By the time DR3 was released, at least three additional PowerBook models were partially supported (1400, 2400, and G3 series), and numerous major causes of crashes had been eliminated. At this point, a number of developers had made various fixes to PowerBook support, but they weren’t all in the same kernel.

At that point, at the request of Gilbert Coville, I sent out a request for patches and changes. The GENERIC kernels were born. Several developers joined me in setting up a CVS server for sources so that developers from around the world could easily coordinate their development efforts and maintain a single source tree.

Since the DR3 release, MkLinux has made significant advances in multiple Ethernet support, IDE support, floppy support, and overall stability. Literally hundreds of bug fixes and patches have been submitted in the past few months, and MkLinux is in a stronger position than ever to grow and improve for years to come.

Beginning in the summer of 1998, development work on MkLinux transitioned from Apple and OSF to a community-led effort.


MkLinux DR3 cdimage 648MB
md5sum: e9b4b07649e9fd7e74431a8267b96784
MkLinux DR3 7.18MB.src.tgz
md5sum: ad36bf17f2856ba7a980574b40b3c6e0
DR3 osfmk.export 379KB.tgz
md5sum: d11f1b9c38ccb9df2fc9112109a8afe5
DR3 osfmk 4.6MB.src.tgz
md5sum: e4e914d9f849f77fb3746be02ccde1df
DR3 tools 174KB.tgz
md5sum: d2e9fe89c6bd61097b5de18cfdee66f8

MkLinux MAINDISK 669MB.img
md5sum: a33137a038bbc84a7348a4746fe9f825
MkLinux MAINDISK-OLD 673MB.img
md5sum: 4ef456439841c13ac71f6a6c0d550b7d




Web site:
Origin: Germany
Category: Embedded, Mobile, Others
Desktop environment: GUI
Architecture: x86, PowerPC
Based on: µnOS
Media: Install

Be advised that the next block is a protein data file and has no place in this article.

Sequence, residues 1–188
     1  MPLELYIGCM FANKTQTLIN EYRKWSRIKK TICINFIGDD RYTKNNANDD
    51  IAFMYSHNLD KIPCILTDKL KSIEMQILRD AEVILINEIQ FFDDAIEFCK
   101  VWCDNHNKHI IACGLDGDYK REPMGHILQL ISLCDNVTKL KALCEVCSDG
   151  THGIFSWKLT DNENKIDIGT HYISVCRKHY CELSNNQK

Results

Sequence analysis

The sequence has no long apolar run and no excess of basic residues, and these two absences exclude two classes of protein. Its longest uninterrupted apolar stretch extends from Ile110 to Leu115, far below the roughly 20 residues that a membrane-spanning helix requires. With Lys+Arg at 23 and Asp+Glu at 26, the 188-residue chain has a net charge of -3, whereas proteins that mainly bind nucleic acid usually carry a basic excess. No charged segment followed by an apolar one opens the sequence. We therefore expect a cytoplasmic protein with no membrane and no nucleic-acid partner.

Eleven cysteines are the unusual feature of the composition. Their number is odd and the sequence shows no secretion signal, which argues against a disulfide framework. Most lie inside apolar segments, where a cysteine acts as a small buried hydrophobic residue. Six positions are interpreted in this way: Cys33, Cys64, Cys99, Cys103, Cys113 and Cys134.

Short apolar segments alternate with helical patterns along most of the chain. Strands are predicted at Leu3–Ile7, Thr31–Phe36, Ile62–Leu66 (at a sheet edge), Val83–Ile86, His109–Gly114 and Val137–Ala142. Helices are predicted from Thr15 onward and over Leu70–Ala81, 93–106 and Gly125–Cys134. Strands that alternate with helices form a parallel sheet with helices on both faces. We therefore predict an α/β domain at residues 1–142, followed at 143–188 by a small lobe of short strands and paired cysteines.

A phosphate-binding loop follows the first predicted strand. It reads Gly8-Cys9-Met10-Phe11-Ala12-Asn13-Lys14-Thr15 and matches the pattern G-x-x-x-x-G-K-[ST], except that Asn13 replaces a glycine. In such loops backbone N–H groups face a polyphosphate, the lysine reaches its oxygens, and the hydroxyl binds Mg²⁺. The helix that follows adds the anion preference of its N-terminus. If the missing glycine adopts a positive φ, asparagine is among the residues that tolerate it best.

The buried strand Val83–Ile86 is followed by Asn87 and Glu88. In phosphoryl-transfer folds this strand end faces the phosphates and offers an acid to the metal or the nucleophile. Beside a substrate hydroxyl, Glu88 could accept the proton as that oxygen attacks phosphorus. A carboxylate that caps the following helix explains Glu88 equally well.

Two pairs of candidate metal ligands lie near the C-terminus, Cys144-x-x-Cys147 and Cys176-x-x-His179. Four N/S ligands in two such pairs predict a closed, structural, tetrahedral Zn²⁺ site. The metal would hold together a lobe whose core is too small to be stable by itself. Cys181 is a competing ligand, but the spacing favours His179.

The last version | Released: 1.2 | October 22, 2006

Symobi (“System for mobile applications”) – a modern and mobile OS. It is based on the µnOS operating system which incorporates the Sphere microkernel. Symobi offers a complete graphical OS environment with services, a graphical user interface, standard programs, and drivers. The operating system is designed for the use in embedded and mobile systems, but is also suitable for other purposes.

Symobi is platform independent by architecture. Hence, it can be deployed on all modern processor architectures. Nevertheless, there is some work to do to really port Symobi to a new hardware platform. But this work is easy to do since only platform specific mechanisms (e.g. MMU) have to be implemented. There are no architectural changes to be made and there is no higher level programming work to do. As a result, Symobi can be ported to a new platform within weeks and to another processor model of an already supported platform within days. This basic ability of Symobi is liked a lot by our customers since it allows them to choose the hardware they really want and need for their application instead of having to choose a hardware fitting the RTOS used.

Valuable Abilities:
– real-time
– small size/footprint
– high provable stability/reliability
– simplicity
– high performance
– small, efficient API
– embeddable

Modern Features:
– multi-core/multi-processor support
– multi-platform
– client/server architecture
– isolated hardware driver architecture
– light-weight multithreading & multitasking
– strongly protected process spaces
– wide-range scalability

Supported Hardware:
– x386 / IA32
– ARM / XScale
– PowerPC


Symobi 1.2 Wave Live Demo i386
md5sum: f8e3aa7d8a6d38eb3240942a90d7b46c

Symobi 1.2 PowerPC Live Demo
md5sum: 0c426f9d8bfd3fe9eabc532c4b92edf3

Symobi 1.2 VMware Image Live Demo
md5sum: 35d9e6fb9acaa136b92c4a58b5ab963f




Web site: (not active)
Origin: USA
Category: Desktop
Desktop environment: Workplace Shell (WPS)
Architecture: x86, PowerPC
Based on: Independent
Wikipedia: OS/2
Media: Install
The last version | Released: 4.52 | December 2001

OS/2 – a proprietary operating system, started in 1985 by IBM and Microsoft with a name of “CP/DOS”. Originally, OS/2 was expected to gradually replace DOS and Windows.